As promised, once they were in hyperspace, there was nothing for John to do. He and Rodney had taken up residence on the bridge, since John wasn't about to let Rodney out of his sight for any length of time. Anyone who could fly a whole warship on his own was not someone John wanted running loose onboard said warship. That was always the problem with Rodney: he told you what he could do so often that you sometimes forgot that he really could do it.
John sat mostly in the Captain's chair, exploring the various systems and, if he was honest, being seriously impressed with the Apollo. It was incredible, what humans had managed in just a few short years, resourceful bunch that they were. That they are. That we are.
He shook his head, trying to clear it.
"You alright?" Rodney was at the hyperdrive console, keeping an eye on the coordinates. He glanced over his shoulder at John, then quickly turned back to what he was doing.
"Yeah." John closed his eyes. His mind was tired, operating too much and too quickly for him to really handle. He found himself nodding, drifting gratefully for a moment before coming awake with a jerk. Giving himself a little shake, he turned back to the small panel at the side of his seat. "Is the course locked?" he asked, looking over at Rodney, who nodded.
"Everything's set, just as you said." After making a final check, Rodney came over to the seat next John's, where the weapons officer usually sat, sinking into it with a small sigh. "Should be a couple hours."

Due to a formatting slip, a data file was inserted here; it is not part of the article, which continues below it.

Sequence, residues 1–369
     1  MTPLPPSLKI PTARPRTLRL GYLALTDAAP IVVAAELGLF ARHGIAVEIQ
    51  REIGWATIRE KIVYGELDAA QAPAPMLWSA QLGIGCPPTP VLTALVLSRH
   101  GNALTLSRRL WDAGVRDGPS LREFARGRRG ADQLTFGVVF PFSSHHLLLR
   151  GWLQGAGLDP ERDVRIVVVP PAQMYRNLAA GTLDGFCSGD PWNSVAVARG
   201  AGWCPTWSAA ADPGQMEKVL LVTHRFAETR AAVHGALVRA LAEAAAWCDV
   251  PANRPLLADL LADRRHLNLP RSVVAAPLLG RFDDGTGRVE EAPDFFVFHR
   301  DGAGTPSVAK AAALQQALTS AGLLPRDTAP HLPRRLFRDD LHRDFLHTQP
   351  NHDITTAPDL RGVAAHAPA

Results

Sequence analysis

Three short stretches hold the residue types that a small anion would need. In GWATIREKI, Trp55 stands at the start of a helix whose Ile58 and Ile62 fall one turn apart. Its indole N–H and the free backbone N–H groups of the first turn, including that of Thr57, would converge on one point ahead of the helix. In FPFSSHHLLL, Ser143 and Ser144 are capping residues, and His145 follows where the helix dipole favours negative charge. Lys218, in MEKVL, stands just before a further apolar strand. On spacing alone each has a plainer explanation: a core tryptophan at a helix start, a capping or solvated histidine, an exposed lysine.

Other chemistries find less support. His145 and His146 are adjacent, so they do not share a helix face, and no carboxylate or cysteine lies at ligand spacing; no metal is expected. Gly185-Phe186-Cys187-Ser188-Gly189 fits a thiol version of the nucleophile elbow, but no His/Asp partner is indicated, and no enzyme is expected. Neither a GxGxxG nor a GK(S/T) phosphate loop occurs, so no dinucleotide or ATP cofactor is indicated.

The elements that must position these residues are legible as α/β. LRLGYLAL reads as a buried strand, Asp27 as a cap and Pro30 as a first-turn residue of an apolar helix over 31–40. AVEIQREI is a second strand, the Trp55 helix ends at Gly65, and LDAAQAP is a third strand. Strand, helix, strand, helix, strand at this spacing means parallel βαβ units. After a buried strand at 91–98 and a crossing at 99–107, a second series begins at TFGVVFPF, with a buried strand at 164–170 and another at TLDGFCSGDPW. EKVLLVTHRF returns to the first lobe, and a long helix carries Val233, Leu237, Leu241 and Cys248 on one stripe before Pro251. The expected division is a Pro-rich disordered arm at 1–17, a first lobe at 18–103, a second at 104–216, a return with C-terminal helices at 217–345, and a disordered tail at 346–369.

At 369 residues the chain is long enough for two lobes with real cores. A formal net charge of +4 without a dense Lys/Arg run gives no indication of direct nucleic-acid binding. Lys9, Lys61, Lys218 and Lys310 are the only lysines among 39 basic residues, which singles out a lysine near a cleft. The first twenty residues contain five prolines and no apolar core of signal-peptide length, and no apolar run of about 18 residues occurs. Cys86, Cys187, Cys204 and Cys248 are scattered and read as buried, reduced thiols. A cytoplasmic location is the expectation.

"Good." Running through the controls one last time, John transferred all of them to his console. "Just sit back and relax."
Rodney snorted. "Oh yes, sound advice for the madman flying us into Wraith territory."
"It's not mad," John said, feeling his eyes getting heavy again. "You'll see." He was going to fall asleep, he knew. Carefully, he put his hand over the control panel by his seat. "Try to take us off course, and the bracelet will knock you out," he said, words slightly slurred as he began to doze off. He was already far enough gone that Rodney's indignant reply was mostly lost on him. All he needed was a nap, just enough that he'd be ready for when they got there. He needed to be ready.
He was running, gun cradled in his arms and Ronon pounding along just behind him. Around them, the Replicators still stood frozen, held in their stasis for now, although there was no way to know how much longer he had.
Turning the corner, he half-skidded to a halt, looking round. Ronon was gone, and there was nothing but an empty hallway behind him. No Replicators either, although he wasn't going to complain about that one. He took a few cautious steps, bringing his gun up and pointing the light into every shadow he saw. Nothing.
"Ronon?" His voice echoed off the walls. "Rodney?"
He spun on his heel, pointing his gun at the figure suddenly in the corridor behind him. It tilted its head, moving out of the shadows into the light, although he already knew who it was.